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ADVANCE FACT SHEET: ZERO TO INFINITY: ARTE POVERA 1962-1972 AT HIRSHHORN, OCT. 24, 2002 – JAN. 20, 2003

Wednesday, July 3, 2002

Exhibition
The Hirshhorn Museum and Sculpture Garden will be the only east coast venue for “Zero to Infinity: Arte Povera 1962-1972,” on view from Oct. 24, 2002 – Jan. 20, 2003. This is the first comprehensive exhibition in nearly twenty years to focus on “Arte Povera,” the name given to the work produced by a loose-knit group of artists working in Italy who created experimental, process-based sculptures, installations and other works. The exhibition originated in London with stops in Minneapolis and Los Angeles before this final stop in Washington D.C. The show will be installed on the second floor of the museum, which is located at Independence Avenue at Seventh Street S.W.

Arte Povera
The term “Arte Povera” (literally translated as “poor art”) was coined by Italian curator and critic Germano Celant in 1967 to describe the group’s radical attitudes and anti-hierarchical approach to materials. The philosophy of the Arte Povera artists reflected the particular political and economically chaotic time, when the postwar “Italian miracle” collapsed into mounting student and worker strife. Based in Turin, Rome, Genoa and Milan, the artists associated with the movement challenged traditional artistic practice, specifically the supremacy of painting, at a time when Pop art was giving way to Minimalism and Conceptual art in the United States.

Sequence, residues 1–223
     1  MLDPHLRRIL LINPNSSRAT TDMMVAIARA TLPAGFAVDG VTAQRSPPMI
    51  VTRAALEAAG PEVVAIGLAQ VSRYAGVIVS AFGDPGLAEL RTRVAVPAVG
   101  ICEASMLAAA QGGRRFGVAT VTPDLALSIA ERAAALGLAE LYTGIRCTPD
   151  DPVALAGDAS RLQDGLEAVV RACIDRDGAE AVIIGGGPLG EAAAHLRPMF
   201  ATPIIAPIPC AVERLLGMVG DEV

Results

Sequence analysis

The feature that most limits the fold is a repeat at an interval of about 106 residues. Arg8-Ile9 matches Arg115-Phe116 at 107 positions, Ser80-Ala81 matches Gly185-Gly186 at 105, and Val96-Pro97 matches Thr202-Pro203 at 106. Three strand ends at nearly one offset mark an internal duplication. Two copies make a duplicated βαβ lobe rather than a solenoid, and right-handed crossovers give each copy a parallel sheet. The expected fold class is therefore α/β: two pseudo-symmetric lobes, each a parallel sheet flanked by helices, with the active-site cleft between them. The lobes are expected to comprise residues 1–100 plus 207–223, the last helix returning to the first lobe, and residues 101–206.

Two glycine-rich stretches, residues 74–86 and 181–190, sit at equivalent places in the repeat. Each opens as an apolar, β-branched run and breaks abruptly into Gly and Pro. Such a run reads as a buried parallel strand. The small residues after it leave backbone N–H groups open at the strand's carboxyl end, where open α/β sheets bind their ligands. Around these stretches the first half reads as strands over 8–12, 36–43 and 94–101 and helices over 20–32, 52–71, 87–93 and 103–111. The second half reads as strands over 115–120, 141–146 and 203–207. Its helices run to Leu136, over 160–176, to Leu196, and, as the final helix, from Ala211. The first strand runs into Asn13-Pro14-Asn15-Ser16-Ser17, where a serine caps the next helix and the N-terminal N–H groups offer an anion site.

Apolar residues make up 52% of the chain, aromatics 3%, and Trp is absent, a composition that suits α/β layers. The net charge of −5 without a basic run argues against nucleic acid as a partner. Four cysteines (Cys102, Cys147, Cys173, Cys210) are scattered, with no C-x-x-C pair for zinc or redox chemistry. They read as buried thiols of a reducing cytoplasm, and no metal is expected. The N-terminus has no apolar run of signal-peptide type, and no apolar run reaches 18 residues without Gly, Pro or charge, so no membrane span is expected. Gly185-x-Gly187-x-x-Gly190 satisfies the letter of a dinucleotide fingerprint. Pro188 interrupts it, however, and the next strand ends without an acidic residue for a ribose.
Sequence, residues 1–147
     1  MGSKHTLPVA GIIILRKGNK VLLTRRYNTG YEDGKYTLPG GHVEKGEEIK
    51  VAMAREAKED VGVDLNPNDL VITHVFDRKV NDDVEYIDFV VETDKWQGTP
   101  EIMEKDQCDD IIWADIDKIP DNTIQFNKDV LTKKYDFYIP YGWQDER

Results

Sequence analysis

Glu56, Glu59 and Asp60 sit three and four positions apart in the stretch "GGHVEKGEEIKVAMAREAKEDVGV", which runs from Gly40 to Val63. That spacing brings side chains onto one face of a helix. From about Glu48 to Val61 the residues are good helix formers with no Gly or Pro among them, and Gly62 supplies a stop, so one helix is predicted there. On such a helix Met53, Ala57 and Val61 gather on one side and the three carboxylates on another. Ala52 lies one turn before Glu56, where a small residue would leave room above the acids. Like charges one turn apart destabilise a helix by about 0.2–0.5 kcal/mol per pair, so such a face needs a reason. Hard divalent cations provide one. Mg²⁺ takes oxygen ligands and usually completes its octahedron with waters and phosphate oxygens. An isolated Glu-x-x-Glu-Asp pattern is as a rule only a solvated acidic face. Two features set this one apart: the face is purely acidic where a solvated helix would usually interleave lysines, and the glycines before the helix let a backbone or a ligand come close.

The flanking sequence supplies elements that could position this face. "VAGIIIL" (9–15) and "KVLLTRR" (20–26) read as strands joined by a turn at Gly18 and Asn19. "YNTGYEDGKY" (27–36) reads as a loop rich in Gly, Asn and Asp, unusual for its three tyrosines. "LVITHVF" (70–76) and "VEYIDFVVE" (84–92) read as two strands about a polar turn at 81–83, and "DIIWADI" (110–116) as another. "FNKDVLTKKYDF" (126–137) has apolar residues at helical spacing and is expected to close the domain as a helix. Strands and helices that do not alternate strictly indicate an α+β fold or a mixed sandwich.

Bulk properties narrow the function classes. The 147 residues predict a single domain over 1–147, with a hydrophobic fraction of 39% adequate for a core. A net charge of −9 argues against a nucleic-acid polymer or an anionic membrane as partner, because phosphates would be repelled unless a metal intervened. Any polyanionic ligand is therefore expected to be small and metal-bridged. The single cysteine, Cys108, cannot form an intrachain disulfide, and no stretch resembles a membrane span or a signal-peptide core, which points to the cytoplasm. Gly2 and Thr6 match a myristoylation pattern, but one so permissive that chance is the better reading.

Artists and Works
Over 140 works by fourteen artists are included in the exhibition, as well as documentary photographs, films and other archival materials. The works, which do not adhere to a distinct style, reflect the Arte Povera artists’ desire to break down the separation between art and life and an almost alchemical interest in employing unorthodox materials, including coal, wood, silk, glass, living plants and animals.

Following is an alphabetical listing of the artists with a summation or highlight of works to be included in the exhibition:

Giovanni Anselmo: Sculptures made of striking combinations of organic and inorganic materials such as lettuce and granite, leather and concrete.

Alighiero Boetti: Embroidered maps of the world, in which the outline of each country is filled by its national flag, evoking the importance of craft and labor, and challenging the notion of nation states.

Pier Paolo Calzolari: Phrases in neon playing with language or placed in conjunction with mattresses and freezing elements, tobacco leaves and hanging light bulbs.

Luciano Fabro: Installation of monumental “feet” made from marble, metal and silk, contrasting nature with the man-made and evoking Italy’s cultural past.

Piero Gilardi: Carpets that simulate nature and can be bought by the meter.

Jannis Kounellis: Installations of live cacti, sacks of beans, a stone-filled doorway and sculptures of wool, wood and iron.